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MSU lands $1M grant for food safety research
MISSISSIPPI STATE -- A grant exceeding $1 million will enable researchers to study the extent food-safety pathogens exist in the poultry production process to determine the best point to concentrate treatment efforts.
"We can measure salmonella and campylobacter in feed, chicks, adults, litter and the air - all over the continuum - but no one knows how they relate to the final outcome," said Dr. Robert Wills, associate professor with Mississippi State University's College of Veterinary Medicine. "We want to find the most efficient time to intervene in the production process to reduce salmonella and campylobacter in the final product."
Wills and Dr. Hart Bailey, assistant professor at the CVM, will spearhead research funded for three-years by the U.S. Department of Agriculture. In addition to scientists and personnel from MSU's College of Veterinary Medicine, the multidisciplinary research team will include people from MSU's Extension Service, the Agricultural Research Service and two different poultry companies, Sanderson Farms and Peco Farms, operating in nine processing plants.
"We will examine risk factors in management decisions, in the environment and in the production process," Wills said. "Management decisions include issues such as stocking density, how many flocks are on the litter before it is changed and how much time passes in between flocks. Environmental issues include things like the type of ventilation or the type of water dispensers."
Along the production chain, Wills said researchers plan to divide the poultry production and processing continuum into four segments: breeder-hatchery, grow-out, transportation from the farm to the plant and processing. They will evaluate bacterial levels at the hatchery, the last week before leaving the production house, when the birds arrive at the processing plant, prior to the chill tank and exiting the chill tank.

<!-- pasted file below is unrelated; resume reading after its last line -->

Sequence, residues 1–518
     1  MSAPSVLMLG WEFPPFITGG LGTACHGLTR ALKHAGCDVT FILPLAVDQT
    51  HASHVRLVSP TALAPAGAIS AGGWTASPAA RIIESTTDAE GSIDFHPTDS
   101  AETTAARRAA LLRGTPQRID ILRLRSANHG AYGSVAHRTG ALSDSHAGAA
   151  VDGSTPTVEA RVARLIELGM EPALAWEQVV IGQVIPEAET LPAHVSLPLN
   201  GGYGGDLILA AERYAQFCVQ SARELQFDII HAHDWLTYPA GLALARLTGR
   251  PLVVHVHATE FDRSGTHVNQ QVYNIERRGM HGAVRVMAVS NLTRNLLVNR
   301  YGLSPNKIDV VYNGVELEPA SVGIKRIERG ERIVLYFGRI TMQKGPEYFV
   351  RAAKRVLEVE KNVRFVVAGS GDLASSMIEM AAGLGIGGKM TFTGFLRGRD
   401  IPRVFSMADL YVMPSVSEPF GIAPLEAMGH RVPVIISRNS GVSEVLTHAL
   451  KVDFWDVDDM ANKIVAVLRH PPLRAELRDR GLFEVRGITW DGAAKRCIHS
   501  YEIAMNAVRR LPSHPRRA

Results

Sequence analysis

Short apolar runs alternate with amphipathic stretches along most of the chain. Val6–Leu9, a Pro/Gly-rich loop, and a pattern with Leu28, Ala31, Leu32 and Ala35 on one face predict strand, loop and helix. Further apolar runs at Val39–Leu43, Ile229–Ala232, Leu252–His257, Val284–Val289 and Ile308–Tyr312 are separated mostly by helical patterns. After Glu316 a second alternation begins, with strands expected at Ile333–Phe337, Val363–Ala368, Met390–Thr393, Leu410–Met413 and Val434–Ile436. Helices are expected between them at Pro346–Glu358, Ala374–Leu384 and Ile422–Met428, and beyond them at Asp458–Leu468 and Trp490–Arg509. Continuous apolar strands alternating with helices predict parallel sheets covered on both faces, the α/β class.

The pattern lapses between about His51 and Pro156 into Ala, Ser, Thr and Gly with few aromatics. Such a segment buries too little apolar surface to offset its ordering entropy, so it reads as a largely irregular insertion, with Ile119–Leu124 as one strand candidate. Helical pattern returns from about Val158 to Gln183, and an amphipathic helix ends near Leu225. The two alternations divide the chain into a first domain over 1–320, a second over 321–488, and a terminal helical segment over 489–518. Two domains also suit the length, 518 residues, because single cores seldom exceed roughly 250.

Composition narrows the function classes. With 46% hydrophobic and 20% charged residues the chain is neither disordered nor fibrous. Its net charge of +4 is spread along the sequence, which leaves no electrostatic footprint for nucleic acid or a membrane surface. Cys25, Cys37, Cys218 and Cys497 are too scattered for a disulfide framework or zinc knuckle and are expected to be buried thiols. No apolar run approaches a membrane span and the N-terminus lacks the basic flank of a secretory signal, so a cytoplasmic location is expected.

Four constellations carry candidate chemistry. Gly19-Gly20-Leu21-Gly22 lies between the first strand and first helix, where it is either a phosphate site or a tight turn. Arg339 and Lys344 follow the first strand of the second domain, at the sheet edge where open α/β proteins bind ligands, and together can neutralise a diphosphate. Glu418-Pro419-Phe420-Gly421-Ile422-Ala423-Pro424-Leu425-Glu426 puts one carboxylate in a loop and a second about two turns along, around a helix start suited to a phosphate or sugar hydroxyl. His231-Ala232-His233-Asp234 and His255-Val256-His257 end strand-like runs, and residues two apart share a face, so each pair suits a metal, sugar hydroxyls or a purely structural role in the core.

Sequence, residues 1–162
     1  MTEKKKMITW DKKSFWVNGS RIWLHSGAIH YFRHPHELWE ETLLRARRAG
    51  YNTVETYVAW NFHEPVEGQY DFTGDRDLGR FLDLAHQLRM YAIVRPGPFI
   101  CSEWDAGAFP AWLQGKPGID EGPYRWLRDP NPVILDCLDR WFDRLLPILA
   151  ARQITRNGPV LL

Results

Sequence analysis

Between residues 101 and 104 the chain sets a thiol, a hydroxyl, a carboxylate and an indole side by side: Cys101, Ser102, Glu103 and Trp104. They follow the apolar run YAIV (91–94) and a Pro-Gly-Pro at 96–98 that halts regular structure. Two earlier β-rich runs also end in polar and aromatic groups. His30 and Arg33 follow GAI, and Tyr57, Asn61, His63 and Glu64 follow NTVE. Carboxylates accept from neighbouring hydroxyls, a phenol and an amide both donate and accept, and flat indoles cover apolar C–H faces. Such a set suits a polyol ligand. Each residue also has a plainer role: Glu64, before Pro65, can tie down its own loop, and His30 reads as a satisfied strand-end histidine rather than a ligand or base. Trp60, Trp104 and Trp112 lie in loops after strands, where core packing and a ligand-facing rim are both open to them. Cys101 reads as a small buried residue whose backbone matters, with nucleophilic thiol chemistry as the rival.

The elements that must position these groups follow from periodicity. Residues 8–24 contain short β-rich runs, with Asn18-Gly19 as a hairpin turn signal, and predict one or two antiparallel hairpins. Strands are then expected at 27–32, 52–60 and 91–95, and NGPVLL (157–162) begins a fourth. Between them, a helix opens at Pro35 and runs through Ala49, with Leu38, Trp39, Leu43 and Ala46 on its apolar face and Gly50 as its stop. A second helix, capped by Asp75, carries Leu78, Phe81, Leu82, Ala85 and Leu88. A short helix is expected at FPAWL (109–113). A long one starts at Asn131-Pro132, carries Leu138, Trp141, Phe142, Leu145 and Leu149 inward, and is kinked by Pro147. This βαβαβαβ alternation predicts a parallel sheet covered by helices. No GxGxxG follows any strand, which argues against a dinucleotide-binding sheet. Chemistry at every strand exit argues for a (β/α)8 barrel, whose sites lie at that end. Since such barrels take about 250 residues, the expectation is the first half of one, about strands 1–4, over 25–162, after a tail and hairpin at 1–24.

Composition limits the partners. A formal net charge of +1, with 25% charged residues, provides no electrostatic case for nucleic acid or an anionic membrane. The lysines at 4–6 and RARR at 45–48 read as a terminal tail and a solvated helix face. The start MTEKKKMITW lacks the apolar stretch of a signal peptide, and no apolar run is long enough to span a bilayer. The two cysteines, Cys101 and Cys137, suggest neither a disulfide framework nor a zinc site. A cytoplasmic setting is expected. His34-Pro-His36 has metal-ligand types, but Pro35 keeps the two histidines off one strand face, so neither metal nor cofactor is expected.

"If a primary point of contamination can be identified, researchers can focus on that area to reduce the risk of salmonella," Wills said. "We can make a lot of common sense assumptions, but until we test them, any decisions we make can be wasteful and nonproductive."
Bailey said the need for this sort of research increased when the Food Safety and Inspection Service implemented the Hazard Analysis Critical Control Point, or HACCP, regulations in 1998. Campylobacter is not regulated yet and testing is difficult, but it is typically more common on broiler carcasses than salmonella.
"Our long range goals are to assist the meat and poultry industry in meeting the requirements of current and future food safety regulations and to improve the safety of meat and poultry products," Bailey said. "A lot of Mississippians depend on the poultry industry for their livelihood, and an even larger percentage consumes poultry. Therefore, we have a vested interest in producing the best product possible."
Poultry is Mississippi's leading agricultural commodity. The statewide farm value of broilers and eggs in 2001 was almost $1.17 billion.
Bailey credits the poultry industry's willingness to improve their methods as a catalyst for this type of food safety research.
"Salmonella naturally occurs on chickens and other animals and probably always will. We are working with the industry to reduce the levels as low as possible, thus making it easier to produce an even safer product. But we encourage consumers to remember that using proper cooking and food handling techniques are still the best ways to prevent food safety problems," Bailey said.
In addition to Bailey and Wills, the research team members will include Drs. Danny Magee and Sue Ann Hubbard from MSU's College of Veterinary Medicine, Dr. Anna Hood from MSU's Extension Service, Dr. Allen Byrd from the Agricultural Research Service, and representatives from Sanderson Farms based in Laurel and Peco Farms based in Gordo, Ala.
Contact: Drs. Hart Bailey or Robert Wills, (662) 325-3432